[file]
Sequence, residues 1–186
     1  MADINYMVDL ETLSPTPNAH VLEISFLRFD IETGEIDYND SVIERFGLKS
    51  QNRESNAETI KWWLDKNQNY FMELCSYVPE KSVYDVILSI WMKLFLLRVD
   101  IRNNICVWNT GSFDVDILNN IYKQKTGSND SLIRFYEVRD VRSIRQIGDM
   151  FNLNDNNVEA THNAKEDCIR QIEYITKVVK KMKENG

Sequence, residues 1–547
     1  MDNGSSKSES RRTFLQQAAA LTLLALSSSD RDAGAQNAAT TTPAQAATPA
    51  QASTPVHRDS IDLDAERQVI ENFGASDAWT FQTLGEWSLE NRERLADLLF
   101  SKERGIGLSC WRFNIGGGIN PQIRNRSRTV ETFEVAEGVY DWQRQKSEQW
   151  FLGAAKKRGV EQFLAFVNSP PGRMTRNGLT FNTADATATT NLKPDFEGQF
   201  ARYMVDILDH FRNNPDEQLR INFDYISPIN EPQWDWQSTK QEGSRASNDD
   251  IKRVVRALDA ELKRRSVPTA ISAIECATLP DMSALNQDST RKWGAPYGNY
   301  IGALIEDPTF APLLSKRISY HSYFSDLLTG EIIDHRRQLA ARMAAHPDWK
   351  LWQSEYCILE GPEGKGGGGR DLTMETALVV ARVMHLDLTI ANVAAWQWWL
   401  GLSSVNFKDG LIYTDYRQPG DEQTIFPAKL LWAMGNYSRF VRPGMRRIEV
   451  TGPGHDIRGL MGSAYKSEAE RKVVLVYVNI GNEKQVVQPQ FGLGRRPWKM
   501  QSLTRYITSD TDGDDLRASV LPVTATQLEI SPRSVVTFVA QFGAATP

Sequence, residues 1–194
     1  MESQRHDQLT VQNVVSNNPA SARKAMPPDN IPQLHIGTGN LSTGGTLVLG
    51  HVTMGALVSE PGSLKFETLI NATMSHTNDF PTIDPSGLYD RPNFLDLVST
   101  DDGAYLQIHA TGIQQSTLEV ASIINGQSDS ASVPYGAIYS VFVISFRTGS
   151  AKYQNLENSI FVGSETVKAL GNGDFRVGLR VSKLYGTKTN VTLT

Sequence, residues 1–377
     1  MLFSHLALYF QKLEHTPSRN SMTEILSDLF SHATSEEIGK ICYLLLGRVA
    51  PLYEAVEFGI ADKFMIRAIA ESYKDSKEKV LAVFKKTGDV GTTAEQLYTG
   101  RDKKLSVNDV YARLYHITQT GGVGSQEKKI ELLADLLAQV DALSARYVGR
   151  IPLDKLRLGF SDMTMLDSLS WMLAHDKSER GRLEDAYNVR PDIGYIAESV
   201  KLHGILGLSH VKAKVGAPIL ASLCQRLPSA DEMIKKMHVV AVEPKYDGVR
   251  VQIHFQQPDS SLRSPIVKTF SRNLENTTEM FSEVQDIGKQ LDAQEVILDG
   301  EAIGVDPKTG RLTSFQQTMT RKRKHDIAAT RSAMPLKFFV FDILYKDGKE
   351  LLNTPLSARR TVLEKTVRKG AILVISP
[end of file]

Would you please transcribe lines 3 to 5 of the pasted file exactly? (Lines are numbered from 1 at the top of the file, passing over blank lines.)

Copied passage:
    51  QNRESNAETI KWWLDKNQNY FMELCSYVPE KSVYDVILSI WMKLFLLRVD
   101  IRNNICVWNT GSFDVDILNN IYKQKTGSND SLIRFYEVRD VRSIRQIGDM
   151  FNLNDNNVEA THNAKEDCIR QIEYITKVVK KMKENG